Last week I did a blog posting about an ICS system security report from ICS-CERT about vulnerability that had been publicly disclosed back in June. I noted in that post that such a public disclosure would normally have been expected to be reported shortly after the disclosure as an alert. It wasn’t done in this case nor was a second system vulnerability that was included in the same public disclosure mentioned by DHS.
A while back, I’m not sure exactly when as I didn’t pay too much attention, ICS-CERT changed their vulnerability notification process page. The added the following notice:
“UPDATE! In cases where a vendor is unresponsive, or will not establish a reasonable timeframe for remediation, ICS-CERT may disclose vulnerabilities 45 days after the initial contact is made, regardless of the existence or availability of patches or workarounds from affected vendors.”
Reading over the remainder of the page I don’t see any mention of alerts vs advisories; truth be told though, I don’t know if there ever was such a mention on the page. A close reading of the page does seem to indicate that ICS-CERT intends to give all vulnerability disclosures, coordinated and otherwise, at least 45 days for the vendor to convince ICS-CERT that they are working hard on fixing the problem.
Now this seems to track with the time frame on the Reid Wightman disclosure that formed the basis for the ORing Industrial Networking advisory and would explain why the other vendor mentioned in Reid’s post on DigitalBond.com did not have an advisory published for their nearly identical vulnerability; the second vendor convinced ICS-CERT that they were working on a mitigation/patch strategy.
A single data point, however, doesn’t make for good analysis. Trying to figure out where I could get additional data points, I decided to go the Luigi’s web site since he is such a prolific vulnerability discloser. Sure enough, since June 1st Luigi has posted five disclosures on his web site that have yet to make it to the ICS-CERT site. They include:
• SpecView – Web server directory traversal - http://aluigi.org/adv/specview_1-adv.txt
• PowerNet Twin Client – Stack buffer overflow (DOS) - http://aluigi.org/adv/powernet_1-adv.txt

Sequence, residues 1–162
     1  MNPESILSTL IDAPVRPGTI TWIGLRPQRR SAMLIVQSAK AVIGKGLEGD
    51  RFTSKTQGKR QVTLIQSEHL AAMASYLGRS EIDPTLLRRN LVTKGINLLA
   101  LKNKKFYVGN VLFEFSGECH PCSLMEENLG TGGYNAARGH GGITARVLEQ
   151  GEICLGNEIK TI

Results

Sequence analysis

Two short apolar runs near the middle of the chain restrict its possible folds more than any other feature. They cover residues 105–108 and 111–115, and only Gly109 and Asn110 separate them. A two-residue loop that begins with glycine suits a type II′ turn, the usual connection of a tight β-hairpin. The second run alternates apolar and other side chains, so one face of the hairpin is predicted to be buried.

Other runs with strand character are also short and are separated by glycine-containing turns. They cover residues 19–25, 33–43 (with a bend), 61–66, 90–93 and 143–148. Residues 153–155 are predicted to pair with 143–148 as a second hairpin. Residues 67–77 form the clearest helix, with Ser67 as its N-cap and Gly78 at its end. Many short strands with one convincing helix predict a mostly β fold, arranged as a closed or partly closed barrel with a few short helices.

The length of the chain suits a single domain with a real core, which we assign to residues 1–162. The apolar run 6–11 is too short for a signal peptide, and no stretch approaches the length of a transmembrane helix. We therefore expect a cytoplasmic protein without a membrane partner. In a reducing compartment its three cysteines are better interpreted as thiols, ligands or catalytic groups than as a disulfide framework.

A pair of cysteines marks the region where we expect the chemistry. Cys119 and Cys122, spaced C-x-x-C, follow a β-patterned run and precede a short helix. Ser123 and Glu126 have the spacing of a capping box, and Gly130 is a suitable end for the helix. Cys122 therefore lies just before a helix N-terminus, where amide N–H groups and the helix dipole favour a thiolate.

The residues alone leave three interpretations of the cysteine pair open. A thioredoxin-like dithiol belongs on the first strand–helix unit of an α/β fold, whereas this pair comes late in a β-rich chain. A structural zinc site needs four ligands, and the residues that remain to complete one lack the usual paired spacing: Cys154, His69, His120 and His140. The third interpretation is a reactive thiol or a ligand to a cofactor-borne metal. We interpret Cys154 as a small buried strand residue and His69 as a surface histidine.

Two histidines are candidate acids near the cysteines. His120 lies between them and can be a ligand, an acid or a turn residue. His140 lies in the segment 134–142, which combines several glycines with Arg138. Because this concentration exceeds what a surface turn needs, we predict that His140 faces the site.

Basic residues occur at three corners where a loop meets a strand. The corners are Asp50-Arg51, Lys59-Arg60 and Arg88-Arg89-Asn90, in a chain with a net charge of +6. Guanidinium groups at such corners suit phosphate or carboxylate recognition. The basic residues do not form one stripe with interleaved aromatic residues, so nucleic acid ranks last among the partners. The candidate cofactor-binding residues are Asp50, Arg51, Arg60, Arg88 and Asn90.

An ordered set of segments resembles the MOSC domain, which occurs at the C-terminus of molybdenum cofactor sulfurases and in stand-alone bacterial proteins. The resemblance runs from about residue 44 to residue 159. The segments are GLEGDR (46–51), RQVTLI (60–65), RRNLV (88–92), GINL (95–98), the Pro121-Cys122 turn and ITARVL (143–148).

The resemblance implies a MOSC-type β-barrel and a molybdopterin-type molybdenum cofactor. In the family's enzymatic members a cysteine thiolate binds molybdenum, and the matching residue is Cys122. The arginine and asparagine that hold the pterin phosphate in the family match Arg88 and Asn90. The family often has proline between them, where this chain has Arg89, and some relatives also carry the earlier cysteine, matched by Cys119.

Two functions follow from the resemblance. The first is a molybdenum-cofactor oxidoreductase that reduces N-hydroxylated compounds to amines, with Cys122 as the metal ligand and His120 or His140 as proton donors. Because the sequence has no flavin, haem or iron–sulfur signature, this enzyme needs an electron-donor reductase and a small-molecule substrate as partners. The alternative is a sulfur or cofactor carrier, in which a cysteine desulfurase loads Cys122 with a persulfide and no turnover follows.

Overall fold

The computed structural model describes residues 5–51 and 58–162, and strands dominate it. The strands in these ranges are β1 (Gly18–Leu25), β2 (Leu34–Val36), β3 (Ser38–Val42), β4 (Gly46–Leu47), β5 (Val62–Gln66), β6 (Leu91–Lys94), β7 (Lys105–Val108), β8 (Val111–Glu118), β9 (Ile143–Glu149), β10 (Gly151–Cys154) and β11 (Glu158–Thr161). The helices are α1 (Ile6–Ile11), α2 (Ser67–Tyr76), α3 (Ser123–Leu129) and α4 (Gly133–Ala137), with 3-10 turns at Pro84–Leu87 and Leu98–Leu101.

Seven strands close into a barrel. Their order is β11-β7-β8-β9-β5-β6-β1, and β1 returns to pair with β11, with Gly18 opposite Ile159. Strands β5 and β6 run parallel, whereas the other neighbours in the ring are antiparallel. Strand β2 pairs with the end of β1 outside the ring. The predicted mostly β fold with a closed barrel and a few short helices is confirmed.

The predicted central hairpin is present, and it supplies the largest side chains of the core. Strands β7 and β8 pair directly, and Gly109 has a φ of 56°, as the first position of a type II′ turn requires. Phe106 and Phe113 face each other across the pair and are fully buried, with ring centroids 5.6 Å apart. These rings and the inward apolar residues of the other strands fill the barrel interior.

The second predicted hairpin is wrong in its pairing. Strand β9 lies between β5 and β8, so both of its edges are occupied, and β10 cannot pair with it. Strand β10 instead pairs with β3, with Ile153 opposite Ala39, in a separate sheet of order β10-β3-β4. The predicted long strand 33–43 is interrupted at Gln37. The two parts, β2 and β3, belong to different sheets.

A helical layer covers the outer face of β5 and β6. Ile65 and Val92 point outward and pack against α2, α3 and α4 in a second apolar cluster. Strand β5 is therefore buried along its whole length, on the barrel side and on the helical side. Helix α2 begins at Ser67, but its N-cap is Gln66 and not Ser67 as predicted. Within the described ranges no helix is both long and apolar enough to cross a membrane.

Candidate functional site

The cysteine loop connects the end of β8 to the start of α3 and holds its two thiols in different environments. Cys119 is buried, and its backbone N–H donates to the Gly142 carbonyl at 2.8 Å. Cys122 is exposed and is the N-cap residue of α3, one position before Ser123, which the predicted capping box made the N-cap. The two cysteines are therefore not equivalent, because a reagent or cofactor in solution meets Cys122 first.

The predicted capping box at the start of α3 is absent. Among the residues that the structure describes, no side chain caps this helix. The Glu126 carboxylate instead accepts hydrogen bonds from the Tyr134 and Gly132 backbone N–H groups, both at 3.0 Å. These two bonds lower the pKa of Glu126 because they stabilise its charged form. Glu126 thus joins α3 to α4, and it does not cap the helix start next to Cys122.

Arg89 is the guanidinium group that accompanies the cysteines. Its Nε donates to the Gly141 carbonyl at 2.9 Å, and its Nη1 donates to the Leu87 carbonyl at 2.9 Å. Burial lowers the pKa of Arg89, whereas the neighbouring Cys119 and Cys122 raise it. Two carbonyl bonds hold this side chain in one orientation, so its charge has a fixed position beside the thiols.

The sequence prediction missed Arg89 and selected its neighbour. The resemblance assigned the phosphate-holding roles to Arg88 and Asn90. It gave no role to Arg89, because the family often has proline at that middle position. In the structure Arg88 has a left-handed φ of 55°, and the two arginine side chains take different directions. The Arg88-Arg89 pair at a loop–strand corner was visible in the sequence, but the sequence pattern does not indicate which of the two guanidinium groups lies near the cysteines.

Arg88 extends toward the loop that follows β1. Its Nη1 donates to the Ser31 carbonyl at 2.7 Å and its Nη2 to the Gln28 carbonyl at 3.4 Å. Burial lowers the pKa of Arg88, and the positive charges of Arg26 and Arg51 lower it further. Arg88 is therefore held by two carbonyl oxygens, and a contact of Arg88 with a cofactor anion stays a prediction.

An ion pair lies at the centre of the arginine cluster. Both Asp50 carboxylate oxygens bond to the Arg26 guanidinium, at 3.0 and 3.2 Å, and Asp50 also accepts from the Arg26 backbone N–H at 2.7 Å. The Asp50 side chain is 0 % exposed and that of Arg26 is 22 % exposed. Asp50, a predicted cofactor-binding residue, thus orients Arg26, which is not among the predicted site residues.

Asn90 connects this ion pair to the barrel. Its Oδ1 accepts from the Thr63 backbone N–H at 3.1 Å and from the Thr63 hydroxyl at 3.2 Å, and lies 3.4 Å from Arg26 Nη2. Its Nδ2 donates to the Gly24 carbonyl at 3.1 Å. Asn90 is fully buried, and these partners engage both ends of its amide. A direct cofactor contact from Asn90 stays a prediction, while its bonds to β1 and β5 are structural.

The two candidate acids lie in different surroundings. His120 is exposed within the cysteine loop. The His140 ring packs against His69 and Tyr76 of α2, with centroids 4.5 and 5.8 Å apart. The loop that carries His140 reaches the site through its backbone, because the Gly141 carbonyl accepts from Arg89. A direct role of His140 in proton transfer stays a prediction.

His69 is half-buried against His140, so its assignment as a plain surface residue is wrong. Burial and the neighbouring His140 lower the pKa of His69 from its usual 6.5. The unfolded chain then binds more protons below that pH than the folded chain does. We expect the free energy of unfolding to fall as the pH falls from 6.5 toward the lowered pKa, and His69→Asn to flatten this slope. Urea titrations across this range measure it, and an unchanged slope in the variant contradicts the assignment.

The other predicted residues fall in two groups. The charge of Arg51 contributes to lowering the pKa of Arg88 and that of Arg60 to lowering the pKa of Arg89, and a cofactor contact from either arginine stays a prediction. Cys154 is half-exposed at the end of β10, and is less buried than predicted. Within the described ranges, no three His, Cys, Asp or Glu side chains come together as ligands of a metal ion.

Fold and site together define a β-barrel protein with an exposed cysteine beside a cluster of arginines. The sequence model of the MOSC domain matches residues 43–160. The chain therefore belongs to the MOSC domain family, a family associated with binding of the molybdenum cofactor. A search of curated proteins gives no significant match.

• Sielco Sistemi Winlog – Multiple vulnerabilities - http://aluigi.org/adv/winlog_2-adv.txt
• Pro-face Pro-Server – Multiple vulnerabilities - http://aluigi.org/adv/proservrex_1-adv.txt
Now we all know that the fine folks at ICS-CERT follow Luigi fairly closely. They have publicized all of his uncoordinated disclosures in the past; usually within a day of their being posted on his web site. It is too much to think that they have stopped following Luigi now, so it looks like the days of alerts are over.
In one way it seems like a good thing to treat researchers the same whether or not they coordinate their disclosures. It does, however, put user’s at a disadvantage. The earlier ICS-CERT policy ensured that there was one point that the average owner/operator could monitor for word when there was an uncoordinated disclosure of a vulnerability. This allowed them to take at least some precautions to protect their systems while the vendor was working on a patch to correct the problem.
Without the early warnings provided by ICS-CERT Alerts owners are put at a distinct disadvantage. Black hats certainly share the information found in these public posts, particularly the proof-of-concept exploits that typically accompany the publication of the vulnerabilities (they certainly do for Luigi’s vulnerabilities).
So the bad boys get to have a 45 day head start on owner operators; essentially a 45-day 0-day exploit. Oh, and it’s not just the one researcher or organization that has the 0-day, it’s everyone that has access to the researcher’s site. Maybe the folks at ICS-CERT need to re-examine their new policy.